Massimiliano "Max" Biaggi is an Italian former Grand Prix motorcycle road racing World Champion and winner of the 2010 and 2012 World Superbike Championship. Throughout his racing career, he has won the 250cc World Championship four consecutive times, finished as runner-up in both the 500cc and MotoGP championships. In 2007 he switched to the World Superbike Championship, finishing third overall as a rookie and earned his first Superbike World Championship in 2010 becoming only the 2nd European from outside the United Kingdom after Raymond Roche to do so. Biaggi announced his retirement from racing on 7 November 2012, he has been nicknamed'il Corsaro' and'the Roman Emperor'. Biaggi was more interested in football as a child, but in 1989, after he was given a motorcycle for his seventeenth birthday, he began his racing career in the 125cc class at age eighteen. In 1990 he won the Italian Sport Production Championship. Following his success in 125cc, Biaggi moved up to the 250cc class. In 1991, Biaggi finished second behind British rider Woolsey Coulter in the European 250cc championship on an Aprilia RS250, that same year he finished twenty-seventh in the Grand Prix motorcycle 250cc world championship riding for the same manufacturer.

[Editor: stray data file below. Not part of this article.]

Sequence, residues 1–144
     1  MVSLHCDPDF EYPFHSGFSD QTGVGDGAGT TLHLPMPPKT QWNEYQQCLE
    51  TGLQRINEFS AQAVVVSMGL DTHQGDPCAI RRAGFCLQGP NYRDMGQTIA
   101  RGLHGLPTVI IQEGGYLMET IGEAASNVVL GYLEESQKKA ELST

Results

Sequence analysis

In 1992, Biaggi completed his first entire season in 250cc Grand Prix for Aprilia, finished the season fifth overall. In that same season he took his first victory in South Africa; the following season, Biaggi joined Honda, finished fourth in the championship standings, including a single victory in Barcelona. In 1994 he returned to Aprilia and dominated the 250cc Grand Prix class by winning three consecutive world championships in 1994, 1995 and 1996. In 1997, Biaggi again returned to Honda, riding for Erv Kanemoto's team, won his fourth consecutive title. Following that, he moved up to the 500cc class. Biaggi made an impressive start in his 500cc debut, qualifying on pole, setting the fastest lap and winning his first race in the 1998 Japanese motorcycle Grand Prix at Suzuka, riding for the Kanemoto Honda team, he was victorious at the Czech Republic Grand Prix and finished the season in second place behind Mick Doohan. Biaggi joined Yamaha to battle against the dominant Hondas, he finished fourth in 1999, third in 2000, second in 2001.